Not So Great Governance? Resolve to Reinvent the Board

By Melanie Lockwood Herman

In contrast with family members, friends and staff who are devoted to their favorite teams and specific sports, I have a less loyal and more general interest in sports. And while watching live or televised events, I’m easily distracted by subliminal messages about teamwork and leadership that play out on the court, track or field. And I look for these messages anytime I read an article about a team or recent competition. I was pleased to find several valuable lessons this week as I read “Ferguson’s Formula,” a Harvard Business Review article from October 2013 about the “enormously successful methods” of Sir Alex Ferguson, the long-time manager of Manchester United, the English football (soccer) club.

The components of “Ferguson’s Formula,” reminded me of game-winning musts for nonprofit boards that are stuck in a leadership rut. Everywhere I travel, I hear the lament of executives and board members who describe the dysfunctional, mission-draining behaviors of their governing bodies. The best news for a dysfunctional board? Every governance problem can be fixed. With courage and determination, a poor performing board can be transformed before the end of the fiscal year. Here are four strategies for turning a risky board into an invaluable asset.

  1. Make Board Development a Conscious Act – For too long, board recruitment has been a last minute scramble coordinated by small nominating committees. The best boards in today’s nonprofit sector treat board development as a well-paced marathon, rather than a frantic sprint. In addition to adequate pacing, a board development committee should be large enough to ensure that diverse points of view are present for conversations about the leadership requirements of the nonprofit and the suitability of prospective candidates. Keep in mind that this committee is a team sport, not a solo effort. These vital conversations should always include candid talk about the skills, perspectives and talents needed by the board today and in the years to come.Upon arriving at Manchester United, Sir Alex Ferguson began sourcing new players in earnest. Instead of looking for proven, mature players with star quality, he focused on recruiting very young players who would not be ready for the professional football “pitch” for many years. A similar approach can be applied in board development. How? Consider inviting prospective board members to serve on committees or in other leadership roles. Never discount the value of bringing younger board members to sit side by side with more experienced leaders. Ferguson’s commitment to recruiting younger players was part of his overall strategy to build a club that would continue to grow in strength for many years. Bringing younger, less experienced leaders onto your board is a great way to bring new perspectives and build strength into the governance structure. To build a diverse and effective board, discard the outdated notion that board prospects should be senior leaders with wealth, wisdom and plenty of time on their hands.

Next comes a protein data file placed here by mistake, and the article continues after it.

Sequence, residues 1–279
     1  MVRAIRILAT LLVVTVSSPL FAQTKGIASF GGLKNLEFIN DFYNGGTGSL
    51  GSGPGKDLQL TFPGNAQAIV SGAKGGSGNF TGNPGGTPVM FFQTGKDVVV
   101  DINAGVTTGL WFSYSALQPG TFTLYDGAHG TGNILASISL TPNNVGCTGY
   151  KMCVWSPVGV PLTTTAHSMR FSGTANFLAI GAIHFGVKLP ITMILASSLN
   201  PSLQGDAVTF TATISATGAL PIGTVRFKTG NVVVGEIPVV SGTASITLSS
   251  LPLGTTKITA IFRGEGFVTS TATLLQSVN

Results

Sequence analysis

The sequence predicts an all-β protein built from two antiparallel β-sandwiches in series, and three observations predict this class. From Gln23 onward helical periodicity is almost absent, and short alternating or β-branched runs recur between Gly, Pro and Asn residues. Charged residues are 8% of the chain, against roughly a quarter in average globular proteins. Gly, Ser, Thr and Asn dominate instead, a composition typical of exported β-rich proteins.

2. Dare to Rebuild – I’m always surprised to hear a CEO who works for a poor-performing board express the belief that there is little he can do about it, or that changing the board will take someone’s lifetime. Nothing could be further from the truth. The first step is to resolve to rebuild the board your mission deserves. Resolved to build Manchester United into a strong, title-winning football club, Sir Alex Ferguson approached talent management in a way that surprised onlookers. He cut loyal, veteran players in order to make room for new players. He focused on the life cycles of players as well as the team’s future needs. These lessons make sense for nonprofit boards as well. Veteran board members who are no longer able to actively support your mission should be thanked for their contributions and allowed to exit gracefully.Why do so many boards hang on to poor performers? One explanation might be the inflated value given to members with many years of service. Ferguson believes that like football players, successful teams have a natural life cycle. In “Ferguson’s Formula” the successful club manager explains his view that a roster change is needed every four years. When a nonprofit board is experiencing normal evolution (perhaps nudged by term limits), the roster will change accordingly. But in the absence of term limits or the courage to help veterans step off gracefully, the members of the board development committee need to take action. Instead of exaggerated mourning about the loss of members with institutional memory, the board should see retirements and other departures as a necessary precondition to bringing new perspectives into the board room.